This is Your Quick Training Tip, a chance to learn how to work smarter in just a few moments so you can get right to your workout.
The biggest challenge for most exercisers, especially if they're looking to lift weights to build muscle and strength, is how to structure their workouts in order to make consistent gains. Knowing exactly what to do can be just as much of a challenge as showing up to the gym.
When you’re new to strength training, total body workouts are almost always the way to go. Regardless of whether your objective is greater strength, power, hypertrophy (building muscle), or muscular endurance, you can achieve it by performing as few as two to three comprehensive training sessions per week. But once you get some experience under your weight belt, it pays to be more strategic about how you go about your training split.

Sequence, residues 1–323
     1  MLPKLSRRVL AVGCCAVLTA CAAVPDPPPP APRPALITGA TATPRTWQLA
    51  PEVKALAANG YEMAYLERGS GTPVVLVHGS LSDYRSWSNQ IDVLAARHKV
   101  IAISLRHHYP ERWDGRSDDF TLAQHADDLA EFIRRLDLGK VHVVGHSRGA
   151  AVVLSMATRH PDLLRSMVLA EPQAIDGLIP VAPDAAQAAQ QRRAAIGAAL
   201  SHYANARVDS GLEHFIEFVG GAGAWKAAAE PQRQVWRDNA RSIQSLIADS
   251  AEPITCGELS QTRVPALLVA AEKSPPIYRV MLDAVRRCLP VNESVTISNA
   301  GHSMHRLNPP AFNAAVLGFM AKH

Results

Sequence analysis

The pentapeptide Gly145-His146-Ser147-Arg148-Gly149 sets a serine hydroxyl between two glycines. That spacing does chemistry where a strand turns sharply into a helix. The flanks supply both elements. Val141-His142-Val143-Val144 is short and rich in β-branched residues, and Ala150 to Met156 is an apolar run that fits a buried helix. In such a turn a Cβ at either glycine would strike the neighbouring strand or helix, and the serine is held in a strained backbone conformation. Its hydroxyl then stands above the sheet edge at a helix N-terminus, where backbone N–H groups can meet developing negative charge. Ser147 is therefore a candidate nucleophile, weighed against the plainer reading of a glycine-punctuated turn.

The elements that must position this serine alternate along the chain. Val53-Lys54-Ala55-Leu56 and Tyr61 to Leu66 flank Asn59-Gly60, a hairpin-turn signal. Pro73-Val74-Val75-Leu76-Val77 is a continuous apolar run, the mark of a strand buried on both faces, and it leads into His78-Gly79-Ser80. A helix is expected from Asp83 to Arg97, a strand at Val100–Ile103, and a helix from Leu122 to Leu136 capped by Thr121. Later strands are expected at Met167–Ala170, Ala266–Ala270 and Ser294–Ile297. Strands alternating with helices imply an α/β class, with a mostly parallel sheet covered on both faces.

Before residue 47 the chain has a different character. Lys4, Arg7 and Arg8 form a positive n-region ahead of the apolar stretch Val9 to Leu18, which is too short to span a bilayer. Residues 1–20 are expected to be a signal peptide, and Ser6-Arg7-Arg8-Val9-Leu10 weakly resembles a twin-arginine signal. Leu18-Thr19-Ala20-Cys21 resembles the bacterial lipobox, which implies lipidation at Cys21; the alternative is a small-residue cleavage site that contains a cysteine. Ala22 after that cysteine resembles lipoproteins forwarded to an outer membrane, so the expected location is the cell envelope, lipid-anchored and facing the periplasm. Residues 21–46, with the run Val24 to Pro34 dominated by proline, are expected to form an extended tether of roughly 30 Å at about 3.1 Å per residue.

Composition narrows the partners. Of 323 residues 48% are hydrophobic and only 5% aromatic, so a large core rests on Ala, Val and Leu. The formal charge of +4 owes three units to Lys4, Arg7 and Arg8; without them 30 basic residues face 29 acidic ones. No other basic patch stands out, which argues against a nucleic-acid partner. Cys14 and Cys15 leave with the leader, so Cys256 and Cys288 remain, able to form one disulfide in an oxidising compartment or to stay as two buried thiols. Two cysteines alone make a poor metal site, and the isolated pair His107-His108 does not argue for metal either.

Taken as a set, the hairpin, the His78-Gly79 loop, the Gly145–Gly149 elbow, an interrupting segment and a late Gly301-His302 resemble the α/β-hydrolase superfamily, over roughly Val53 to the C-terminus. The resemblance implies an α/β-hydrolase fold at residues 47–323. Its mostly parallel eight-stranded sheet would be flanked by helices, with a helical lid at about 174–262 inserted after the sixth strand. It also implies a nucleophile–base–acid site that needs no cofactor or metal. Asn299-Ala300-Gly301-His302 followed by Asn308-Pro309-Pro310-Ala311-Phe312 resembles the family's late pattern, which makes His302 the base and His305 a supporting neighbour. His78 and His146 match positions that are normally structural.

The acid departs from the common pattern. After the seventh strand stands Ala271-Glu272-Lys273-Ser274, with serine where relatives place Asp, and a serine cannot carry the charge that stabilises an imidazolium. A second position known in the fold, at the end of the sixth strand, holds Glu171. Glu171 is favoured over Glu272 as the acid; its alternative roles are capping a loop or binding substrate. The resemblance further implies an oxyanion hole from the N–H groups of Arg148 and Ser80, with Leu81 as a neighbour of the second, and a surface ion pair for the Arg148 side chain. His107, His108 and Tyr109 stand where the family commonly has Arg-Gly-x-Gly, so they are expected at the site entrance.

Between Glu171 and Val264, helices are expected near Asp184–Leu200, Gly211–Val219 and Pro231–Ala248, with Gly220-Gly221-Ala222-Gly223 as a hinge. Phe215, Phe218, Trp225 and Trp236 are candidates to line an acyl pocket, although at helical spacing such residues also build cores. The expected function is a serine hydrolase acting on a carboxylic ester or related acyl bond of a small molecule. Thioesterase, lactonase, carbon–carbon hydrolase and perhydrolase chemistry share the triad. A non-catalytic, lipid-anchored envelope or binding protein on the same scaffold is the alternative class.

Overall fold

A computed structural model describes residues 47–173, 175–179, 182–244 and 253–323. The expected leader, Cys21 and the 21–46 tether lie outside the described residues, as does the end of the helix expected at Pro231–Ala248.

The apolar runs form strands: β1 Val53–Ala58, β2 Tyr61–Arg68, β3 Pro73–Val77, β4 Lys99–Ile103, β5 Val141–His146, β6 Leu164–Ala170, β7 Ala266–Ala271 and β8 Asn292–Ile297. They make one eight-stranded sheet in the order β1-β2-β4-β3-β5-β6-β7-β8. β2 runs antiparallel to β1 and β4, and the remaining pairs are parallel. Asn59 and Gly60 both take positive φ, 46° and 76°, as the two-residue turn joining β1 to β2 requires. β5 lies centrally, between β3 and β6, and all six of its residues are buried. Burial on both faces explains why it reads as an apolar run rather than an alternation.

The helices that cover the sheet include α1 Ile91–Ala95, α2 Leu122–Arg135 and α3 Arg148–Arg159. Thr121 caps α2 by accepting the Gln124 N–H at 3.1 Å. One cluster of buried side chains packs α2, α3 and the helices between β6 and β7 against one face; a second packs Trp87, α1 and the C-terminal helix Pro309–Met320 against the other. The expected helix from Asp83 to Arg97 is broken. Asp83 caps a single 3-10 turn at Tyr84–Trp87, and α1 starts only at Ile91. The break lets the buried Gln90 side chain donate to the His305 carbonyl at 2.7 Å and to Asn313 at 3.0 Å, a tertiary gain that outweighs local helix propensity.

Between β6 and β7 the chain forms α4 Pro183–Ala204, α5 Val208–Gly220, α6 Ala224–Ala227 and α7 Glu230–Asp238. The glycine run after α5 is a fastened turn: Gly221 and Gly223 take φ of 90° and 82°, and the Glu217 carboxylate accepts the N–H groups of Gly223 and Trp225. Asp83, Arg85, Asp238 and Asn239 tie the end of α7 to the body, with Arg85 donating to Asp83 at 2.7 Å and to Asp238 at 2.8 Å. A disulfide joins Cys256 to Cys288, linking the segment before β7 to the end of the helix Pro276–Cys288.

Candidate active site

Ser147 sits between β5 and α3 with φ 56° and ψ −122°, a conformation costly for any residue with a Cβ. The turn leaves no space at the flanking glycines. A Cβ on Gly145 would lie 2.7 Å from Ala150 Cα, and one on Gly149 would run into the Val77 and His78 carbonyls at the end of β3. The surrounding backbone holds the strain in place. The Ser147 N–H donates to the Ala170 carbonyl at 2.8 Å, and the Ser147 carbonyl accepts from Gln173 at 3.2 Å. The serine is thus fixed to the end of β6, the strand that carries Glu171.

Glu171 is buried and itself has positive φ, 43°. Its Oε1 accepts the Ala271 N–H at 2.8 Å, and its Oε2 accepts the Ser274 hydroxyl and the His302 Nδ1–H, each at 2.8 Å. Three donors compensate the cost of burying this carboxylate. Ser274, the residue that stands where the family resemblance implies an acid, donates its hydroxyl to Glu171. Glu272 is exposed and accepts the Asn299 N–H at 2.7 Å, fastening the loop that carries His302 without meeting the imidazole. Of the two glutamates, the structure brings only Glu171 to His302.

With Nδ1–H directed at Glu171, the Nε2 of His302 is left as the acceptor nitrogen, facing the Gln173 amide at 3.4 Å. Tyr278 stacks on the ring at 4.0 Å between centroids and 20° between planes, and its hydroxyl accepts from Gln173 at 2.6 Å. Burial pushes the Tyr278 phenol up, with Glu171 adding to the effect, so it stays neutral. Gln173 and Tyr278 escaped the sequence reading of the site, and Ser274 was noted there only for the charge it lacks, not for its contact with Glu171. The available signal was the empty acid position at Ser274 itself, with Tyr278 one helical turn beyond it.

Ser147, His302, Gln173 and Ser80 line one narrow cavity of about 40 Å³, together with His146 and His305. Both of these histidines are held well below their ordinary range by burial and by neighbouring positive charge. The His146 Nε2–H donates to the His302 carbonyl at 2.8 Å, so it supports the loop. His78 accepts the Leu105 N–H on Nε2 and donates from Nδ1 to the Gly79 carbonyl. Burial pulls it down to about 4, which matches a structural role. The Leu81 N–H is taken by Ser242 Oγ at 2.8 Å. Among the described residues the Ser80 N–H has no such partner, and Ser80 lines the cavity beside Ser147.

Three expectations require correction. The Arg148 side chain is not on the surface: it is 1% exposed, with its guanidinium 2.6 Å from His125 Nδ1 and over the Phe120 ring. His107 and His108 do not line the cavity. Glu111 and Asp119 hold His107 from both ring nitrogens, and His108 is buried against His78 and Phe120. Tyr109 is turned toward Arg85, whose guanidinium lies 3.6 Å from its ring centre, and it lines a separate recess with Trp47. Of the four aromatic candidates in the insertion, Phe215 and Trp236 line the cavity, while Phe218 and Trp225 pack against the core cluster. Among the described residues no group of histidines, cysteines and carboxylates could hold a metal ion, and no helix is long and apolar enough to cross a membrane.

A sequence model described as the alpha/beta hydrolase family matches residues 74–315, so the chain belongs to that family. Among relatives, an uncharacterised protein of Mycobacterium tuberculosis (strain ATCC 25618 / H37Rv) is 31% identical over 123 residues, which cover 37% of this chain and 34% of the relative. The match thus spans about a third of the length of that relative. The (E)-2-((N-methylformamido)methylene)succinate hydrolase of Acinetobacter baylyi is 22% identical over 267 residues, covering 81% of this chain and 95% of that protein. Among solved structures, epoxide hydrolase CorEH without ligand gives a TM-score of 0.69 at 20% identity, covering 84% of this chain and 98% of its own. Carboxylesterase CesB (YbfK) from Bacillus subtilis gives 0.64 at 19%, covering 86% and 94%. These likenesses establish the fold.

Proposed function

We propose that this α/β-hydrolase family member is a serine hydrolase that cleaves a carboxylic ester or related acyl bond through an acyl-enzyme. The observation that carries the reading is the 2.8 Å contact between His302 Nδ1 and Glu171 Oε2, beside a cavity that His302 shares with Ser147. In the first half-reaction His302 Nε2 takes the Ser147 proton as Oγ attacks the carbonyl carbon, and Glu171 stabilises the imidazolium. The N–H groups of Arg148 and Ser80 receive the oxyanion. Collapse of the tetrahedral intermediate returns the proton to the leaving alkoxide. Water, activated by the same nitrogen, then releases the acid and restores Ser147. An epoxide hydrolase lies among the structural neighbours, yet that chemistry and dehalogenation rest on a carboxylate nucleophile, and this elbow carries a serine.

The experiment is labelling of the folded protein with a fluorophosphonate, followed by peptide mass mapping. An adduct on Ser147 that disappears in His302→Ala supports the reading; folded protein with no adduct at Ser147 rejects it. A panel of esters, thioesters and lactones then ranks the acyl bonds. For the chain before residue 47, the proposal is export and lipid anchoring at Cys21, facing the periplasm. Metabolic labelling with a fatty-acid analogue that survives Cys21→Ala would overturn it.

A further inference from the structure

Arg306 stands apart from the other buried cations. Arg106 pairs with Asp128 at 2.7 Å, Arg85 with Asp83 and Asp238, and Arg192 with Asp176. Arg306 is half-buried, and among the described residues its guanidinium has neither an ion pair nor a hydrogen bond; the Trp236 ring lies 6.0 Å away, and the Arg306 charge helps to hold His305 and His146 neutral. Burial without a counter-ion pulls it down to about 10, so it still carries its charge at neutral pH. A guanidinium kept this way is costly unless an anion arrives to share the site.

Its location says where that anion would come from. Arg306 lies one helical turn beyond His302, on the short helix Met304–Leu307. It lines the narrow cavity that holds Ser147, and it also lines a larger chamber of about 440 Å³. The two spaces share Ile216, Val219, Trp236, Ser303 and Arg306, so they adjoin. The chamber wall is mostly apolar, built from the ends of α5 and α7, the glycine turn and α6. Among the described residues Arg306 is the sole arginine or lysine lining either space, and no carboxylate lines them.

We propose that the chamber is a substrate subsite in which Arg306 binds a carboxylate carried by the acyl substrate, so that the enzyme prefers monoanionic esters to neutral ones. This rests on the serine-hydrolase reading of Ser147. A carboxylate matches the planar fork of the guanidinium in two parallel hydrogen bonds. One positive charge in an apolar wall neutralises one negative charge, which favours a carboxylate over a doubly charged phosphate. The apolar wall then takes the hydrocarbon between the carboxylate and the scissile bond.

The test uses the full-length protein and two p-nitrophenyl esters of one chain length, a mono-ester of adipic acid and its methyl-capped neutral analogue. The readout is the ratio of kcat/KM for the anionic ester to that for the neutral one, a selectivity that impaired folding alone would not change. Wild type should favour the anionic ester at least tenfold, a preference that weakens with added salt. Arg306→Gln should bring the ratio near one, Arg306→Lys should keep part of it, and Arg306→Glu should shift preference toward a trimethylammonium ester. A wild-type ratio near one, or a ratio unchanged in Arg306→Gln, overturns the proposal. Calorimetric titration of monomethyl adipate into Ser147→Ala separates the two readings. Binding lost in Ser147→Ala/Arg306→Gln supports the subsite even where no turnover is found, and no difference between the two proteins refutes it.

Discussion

If you’re unfamiliar with the term, “training split” refers to how you divide up your weekly routine. There are countless ways to go about this structuring, but the classic approach focuses on body parts—back and bis on Monday, chest and tris on Tuesday, shoulders and legs on Wednesday, etc. (continued below)
That’s a smart strategy if you’re a bodybuilder, or someone whose primary focus is hypertrophy. But if your goals extend beyond muscle-building—or even if they don’t—you should regularly change how you split up your training sessions. Why? Because by switching the focus of your split from individual body parts to, say, push and pull, upper and lower body, or even movement patterns, you can inject some much-needed variety into your training programme, reduce the risk of hitting a plateau, and help to prevent overuse injuries.
Your move: Alternate between two different training splits on a weekly basis or stick to the same one each week. Either way, the key is to change your split (or splits) every two to three months. That way you’ll ensure that your muscles never become too accustomed to the same training stimulus, and in so doing, you’ll also ensure that they never stop adapting—which is the key to building muscle and strength.
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